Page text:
More than 12 million people suffer a stroke each year and the neurological consequences are worse in elderly patient, which are also the most vulnerable. Since age is a non-modifiable risk factor for stroke, it is important to understand the mechanisms and the reasons that could explain this worse outcome in older patients.

In a new study, the Cerebrovascular Research group, led by Dr. Anna Planas, used an animal model of cerebral ischemia in aged mice to investigate the status of microglia and their response to ischemic stroke.

Microglia are a population of brain resident cells that plays important functions, such as the elimination of damaged cells and tissue in pathological conditions, among others.

Maria Arbaizar Rovirosa and others members of the group, under the co-direction of Dr. Mattia Gallizioli and with the collaboration of Dr. Albert Pol (ICREA, IDIBAPS, UB), have discovered that one of the consequences of this activity is the accumulation of intracellular organelles made of fat, named lipid droplets. The buildup of these organelles is also observed in microglia of healthy aged mice, possibly contributing to their diminished capacity to react to stroke.

By the administration of a pharmacological treatment to aged mice, researchers were able to replace the old microglia with new microglia, which showed less lipid droplets accumulation. The renewed microglia were observed to be better prepared and more effective at responding to the ischemic insult.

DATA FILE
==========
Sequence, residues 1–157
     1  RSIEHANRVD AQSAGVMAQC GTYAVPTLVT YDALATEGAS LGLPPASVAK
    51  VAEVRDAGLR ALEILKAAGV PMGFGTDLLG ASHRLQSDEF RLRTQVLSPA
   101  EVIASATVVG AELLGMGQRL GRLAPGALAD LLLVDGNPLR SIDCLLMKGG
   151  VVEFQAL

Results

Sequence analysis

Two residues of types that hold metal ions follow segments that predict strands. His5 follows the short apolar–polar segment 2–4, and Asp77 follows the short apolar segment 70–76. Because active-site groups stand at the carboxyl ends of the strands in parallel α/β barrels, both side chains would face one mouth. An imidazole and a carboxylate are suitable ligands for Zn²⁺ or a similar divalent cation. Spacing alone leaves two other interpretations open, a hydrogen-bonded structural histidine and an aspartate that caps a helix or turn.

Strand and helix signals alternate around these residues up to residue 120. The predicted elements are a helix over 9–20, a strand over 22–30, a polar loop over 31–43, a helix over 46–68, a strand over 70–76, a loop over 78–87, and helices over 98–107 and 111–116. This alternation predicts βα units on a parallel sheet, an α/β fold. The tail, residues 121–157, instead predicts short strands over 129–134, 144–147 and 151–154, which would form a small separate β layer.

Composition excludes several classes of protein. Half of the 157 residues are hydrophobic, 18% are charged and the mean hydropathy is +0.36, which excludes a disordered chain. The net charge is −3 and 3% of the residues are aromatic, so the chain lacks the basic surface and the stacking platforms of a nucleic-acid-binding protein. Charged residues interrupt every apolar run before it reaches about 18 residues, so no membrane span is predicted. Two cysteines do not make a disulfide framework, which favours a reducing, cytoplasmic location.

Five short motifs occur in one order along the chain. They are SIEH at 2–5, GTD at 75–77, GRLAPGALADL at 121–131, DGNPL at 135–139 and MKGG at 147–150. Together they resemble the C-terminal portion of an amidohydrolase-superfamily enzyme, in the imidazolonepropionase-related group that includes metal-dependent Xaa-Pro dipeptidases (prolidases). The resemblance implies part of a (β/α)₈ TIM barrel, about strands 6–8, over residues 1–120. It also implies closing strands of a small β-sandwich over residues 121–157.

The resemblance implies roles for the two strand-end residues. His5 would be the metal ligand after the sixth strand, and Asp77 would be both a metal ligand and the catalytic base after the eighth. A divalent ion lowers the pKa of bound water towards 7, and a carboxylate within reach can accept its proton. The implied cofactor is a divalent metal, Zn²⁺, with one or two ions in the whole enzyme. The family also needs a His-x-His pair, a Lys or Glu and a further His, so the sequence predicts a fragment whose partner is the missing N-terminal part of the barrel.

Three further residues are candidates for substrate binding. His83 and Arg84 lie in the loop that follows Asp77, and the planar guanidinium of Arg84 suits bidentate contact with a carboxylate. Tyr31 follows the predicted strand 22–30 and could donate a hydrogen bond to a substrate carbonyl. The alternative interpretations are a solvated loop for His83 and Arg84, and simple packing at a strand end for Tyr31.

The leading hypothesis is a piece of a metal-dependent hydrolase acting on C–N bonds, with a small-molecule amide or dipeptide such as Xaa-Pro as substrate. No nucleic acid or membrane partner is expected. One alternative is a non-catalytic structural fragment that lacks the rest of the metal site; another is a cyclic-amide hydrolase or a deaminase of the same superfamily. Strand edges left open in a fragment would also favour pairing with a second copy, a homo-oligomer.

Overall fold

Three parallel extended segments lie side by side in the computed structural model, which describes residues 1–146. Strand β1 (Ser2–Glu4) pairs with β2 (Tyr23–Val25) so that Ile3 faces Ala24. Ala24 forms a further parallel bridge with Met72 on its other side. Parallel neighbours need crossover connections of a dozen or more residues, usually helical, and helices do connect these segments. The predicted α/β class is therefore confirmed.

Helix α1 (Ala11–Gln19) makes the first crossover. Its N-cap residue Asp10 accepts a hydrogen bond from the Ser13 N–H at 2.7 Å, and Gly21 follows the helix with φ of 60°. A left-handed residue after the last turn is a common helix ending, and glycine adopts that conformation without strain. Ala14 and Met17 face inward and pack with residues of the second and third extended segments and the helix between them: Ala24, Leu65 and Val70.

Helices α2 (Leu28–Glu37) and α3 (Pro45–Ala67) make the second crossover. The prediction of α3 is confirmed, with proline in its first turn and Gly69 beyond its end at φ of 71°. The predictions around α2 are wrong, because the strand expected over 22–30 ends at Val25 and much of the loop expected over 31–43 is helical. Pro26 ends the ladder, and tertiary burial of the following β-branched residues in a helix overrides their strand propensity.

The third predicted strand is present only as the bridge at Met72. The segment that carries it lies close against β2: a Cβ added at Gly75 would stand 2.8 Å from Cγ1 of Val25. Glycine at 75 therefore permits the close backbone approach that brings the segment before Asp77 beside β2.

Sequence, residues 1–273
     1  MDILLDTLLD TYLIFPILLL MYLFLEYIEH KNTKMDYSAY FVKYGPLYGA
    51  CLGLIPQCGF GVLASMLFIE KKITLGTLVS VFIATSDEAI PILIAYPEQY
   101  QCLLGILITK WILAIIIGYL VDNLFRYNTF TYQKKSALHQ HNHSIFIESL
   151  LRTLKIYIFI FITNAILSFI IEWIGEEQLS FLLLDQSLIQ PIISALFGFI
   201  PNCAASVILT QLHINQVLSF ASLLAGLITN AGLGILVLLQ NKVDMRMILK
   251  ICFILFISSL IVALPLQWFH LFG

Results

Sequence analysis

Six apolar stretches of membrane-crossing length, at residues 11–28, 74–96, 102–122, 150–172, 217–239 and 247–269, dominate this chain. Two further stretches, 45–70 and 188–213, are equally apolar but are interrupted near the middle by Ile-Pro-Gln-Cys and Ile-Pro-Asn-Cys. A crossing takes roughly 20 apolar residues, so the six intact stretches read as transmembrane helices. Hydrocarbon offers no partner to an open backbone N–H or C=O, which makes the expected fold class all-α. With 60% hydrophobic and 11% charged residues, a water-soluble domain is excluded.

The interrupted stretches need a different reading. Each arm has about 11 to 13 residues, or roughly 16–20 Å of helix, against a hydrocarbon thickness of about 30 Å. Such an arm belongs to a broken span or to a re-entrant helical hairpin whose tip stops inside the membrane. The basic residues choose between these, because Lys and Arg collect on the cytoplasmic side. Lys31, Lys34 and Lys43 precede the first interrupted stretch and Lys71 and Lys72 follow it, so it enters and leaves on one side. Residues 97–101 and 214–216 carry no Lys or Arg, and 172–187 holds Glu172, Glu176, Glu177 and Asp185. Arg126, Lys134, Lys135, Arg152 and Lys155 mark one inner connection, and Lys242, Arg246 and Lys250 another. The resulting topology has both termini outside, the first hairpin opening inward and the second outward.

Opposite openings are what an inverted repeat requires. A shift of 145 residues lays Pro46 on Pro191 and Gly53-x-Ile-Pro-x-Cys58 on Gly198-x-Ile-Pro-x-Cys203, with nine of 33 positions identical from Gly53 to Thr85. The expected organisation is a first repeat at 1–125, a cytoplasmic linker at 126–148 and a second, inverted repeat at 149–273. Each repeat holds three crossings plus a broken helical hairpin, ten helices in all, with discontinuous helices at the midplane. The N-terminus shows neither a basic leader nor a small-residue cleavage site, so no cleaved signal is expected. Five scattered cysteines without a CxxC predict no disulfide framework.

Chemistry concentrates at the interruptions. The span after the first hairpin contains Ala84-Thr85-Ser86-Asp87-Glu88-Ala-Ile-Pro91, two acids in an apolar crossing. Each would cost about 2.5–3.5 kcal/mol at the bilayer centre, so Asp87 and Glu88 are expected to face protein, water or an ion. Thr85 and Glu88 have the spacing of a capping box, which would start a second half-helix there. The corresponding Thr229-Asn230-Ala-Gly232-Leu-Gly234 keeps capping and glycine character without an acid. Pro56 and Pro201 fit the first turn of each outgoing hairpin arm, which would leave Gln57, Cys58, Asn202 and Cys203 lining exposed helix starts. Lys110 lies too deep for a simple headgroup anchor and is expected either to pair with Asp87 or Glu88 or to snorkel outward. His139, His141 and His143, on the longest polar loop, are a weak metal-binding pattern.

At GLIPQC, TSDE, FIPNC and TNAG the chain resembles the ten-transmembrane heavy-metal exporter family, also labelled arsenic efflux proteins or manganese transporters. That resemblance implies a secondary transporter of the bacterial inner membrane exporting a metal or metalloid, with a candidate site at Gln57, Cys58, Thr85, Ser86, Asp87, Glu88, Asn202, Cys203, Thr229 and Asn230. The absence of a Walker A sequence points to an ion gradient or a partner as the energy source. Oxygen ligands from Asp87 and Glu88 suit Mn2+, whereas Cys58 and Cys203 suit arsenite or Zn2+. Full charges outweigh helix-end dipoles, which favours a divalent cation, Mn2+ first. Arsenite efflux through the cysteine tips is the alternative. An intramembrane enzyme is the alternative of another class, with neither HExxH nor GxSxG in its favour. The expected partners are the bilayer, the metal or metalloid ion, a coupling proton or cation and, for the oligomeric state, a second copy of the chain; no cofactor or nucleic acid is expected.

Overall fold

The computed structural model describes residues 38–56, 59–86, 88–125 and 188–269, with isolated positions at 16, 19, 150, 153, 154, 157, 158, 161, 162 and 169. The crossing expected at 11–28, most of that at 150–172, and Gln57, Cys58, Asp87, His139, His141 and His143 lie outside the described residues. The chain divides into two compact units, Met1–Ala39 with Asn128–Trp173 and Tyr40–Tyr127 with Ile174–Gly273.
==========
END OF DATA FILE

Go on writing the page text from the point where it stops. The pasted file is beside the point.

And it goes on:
These cellular changes ultimately translated into an improved motor deficit in the ischemic mice in which microglia were renewed.

This study reveals the importance of the metabolism and handling of fat by microglial cells, possibly opening new therapeutic strategies aimed at preserving the capacity of these cells to respond to the cerebral damaged caused by ischemic stroke or possibly also by other age-related neurological diseases.


Aged lipid-laden microglia display impaired responses to stroke

Maria Arbaizar-Rovirosa, Jordi Pedragosa, Juan J Lozano, Carme Casal, Albert Pol, Mattia Gallizioli, Anna M Planas

EMBO Mol Med (2022)

Study financed by grant PID2020-113202RB-I00 of MCIN/AEI/10.13039/501100011033 and “ERDF A way of making Europe”, and supported by CSIC Interdisciplinary Thematic Platform PTI-NEURO-AGING+ of the Spanish National Research Council (CSIC)